US House approves assault rifle ban, likely to wreak havoc in Senate

U.S. House Speaker Nancy Pelosi (D-CA) leads the U.S. House of Representatives in passing the “Bipartisan Safer Communities Act” gun safety legislation in the House chamber on Capitol Hill on June 24, 2022 in Washington. Photo — REUTERS/Jim Borg
  • Nancy Pelosi called the bill an important step in the ongoing fight against the deadly epidemic of gun violence.
  • Biden says guns have become the number one killer of children in America.
  • Republican lawmakers pushed back against their Democratic colleagues.

Washington: The US House of Representatives, spurred by a series of horrific mass shootings, passed a bill on Friday that would ban assault weapons for the first time in decades.

The legislation passed the Democratic-dominated House by a vote of 217 to 213 and now heads to the Senate – where it is likely to fail.

Gun reform in the United States remains deeply divided — despite the deadly scourge of mass shootings — with only two Republicans joining Democrats in supporting an assault weapons ban in the House.

In the 100-member Senate, Democrats hold just 50 seats and 10 Republican votes are needed to pass a measure.

Congress passed a 10-year ban on assault rifles and some high-capacity magazines in 1994, but lawmakers let it expire in 2004, and gun sales have soared since then.

Democratic House Speaker Nancy Pelosi called the latest bill “an important step in the ongoing fight against the deadly epidemic of gun violence in our nation.”

It would ban the sale, importation, manufacture or transfer of certain semi-automatic weapons such as those used in the recent mass shootings in Buffalo, New York, Uvalde, Texas, and Highland Park, Illinois.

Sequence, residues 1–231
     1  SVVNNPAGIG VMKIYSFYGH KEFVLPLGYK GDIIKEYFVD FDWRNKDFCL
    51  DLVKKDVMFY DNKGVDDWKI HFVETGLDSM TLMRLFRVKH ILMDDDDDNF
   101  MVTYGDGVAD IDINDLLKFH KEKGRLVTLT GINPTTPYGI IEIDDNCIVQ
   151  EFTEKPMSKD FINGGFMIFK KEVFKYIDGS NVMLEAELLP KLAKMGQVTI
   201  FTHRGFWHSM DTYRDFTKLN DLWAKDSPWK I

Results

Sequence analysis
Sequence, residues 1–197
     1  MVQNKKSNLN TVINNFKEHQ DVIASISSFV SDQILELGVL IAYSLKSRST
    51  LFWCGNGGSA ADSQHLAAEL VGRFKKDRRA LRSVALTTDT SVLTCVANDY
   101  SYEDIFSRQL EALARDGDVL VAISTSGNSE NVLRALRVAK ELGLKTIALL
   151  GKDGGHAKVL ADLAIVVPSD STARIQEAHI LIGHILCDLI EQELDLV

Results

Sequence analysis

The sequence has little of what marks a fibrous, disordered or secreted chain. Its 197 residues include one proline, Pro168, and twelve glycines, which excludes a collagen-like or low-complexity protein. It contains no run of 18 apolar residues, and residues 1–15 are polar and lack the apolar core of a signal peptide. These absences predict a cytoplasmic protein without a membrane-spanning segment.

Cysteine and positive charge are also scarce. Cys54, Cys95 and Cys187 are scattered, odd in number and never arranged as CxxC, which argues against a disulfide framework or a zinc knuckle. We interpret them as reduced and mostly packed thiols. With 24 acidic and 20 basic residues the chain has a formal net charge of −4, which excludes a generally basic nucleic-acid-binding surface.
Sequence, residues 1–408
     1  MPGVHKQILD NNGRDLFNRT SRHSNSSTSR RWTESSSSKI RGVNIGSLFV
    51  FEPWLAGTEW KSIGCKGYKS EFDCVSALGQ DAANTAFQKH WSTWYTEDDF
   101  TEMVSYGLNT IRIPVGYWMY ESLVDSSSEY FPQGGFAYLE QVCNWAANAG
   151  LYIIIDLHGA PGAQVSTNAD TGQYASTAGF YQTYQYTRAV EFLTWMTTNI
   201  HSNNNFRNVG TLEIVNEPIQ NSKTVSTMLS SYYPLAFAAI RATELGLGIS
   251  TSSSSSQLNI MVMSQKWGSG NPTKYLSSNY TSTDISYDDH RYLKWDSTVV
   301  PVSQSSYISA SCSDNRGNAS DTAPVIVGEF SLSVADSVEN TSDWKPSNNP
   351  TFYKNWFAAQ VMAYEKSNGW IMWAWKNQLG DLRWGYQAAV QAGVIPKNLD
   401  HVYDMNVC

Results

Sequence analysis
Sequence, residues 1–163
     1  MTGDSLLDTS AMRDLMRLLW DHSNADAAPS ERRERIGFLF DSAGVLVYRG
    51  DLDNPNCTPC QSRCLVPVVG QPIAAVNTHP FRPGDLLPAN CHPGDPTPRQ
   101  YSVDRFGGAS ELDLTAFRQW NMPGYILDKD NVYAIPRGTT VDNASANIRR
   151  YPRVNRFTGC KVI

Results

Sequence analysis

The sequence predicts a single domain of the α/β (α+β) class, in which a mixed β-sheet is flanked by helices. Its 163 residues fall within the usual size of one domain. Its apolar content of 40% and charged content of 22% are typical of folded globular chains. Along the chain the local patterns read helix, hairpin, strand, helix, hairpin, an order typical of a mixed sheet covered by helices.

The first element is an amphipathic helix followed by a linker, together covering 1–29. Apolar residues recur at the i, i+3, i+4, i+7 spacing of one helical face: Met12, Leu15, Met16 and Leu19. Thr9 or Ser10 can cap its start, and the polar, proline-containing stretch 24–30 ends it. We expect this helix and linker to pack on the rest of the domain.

In May, a white supremacist shot and killed 10 African Americans at a Buffalo supermarket.

That same month, an 18-year-old man killed 19 schoolchildren and two teachers at an elementary school in Owolde, and seven people were shot dead at a July 4 parade in Highland Park. .

After the Uvalde massacre, President Joe Biden urged lawmakers to re-ban assault rifles or at least raise the minimum age to purchase them from 18 to 21.

But Republican lawmakers, who see such a ban as a violation of the constitutional right to bear arms, have refused to go along.

In a statement, Biden said that “40,000 Americans die from gunshot wounds every year and guns are the number one killer of children in America.

“We know that banning assault weapons and high-capacity magazines will save lives,” he said.

A House committee said in a report released this week that U.S. gunmakers have made $1 billion over the past decade from sales of AR-15-style semiautomatic weapons.

“The gun industry has filled and enriched our neighborhoods, our schools and even our churches and houses of worship with these deadly weapons,” said Democratic Representative Carolyn Maloney.

“They are choosing their bottom line over the lives of their fellow Americans,” the New York lawmaker said at a hearing attended by families of gun violence victims.

Republican lawmakers pushed back against their Democratic colleagues.

Rep. James Comer of Kentucky said gun manufacturers don’t cause violent crime. “Criminals Cause Violent Crime.”

“We will continue to protect the rights of law-abiding gun owners to safely use, store and carry firearms, including the AR-15,” Comer said.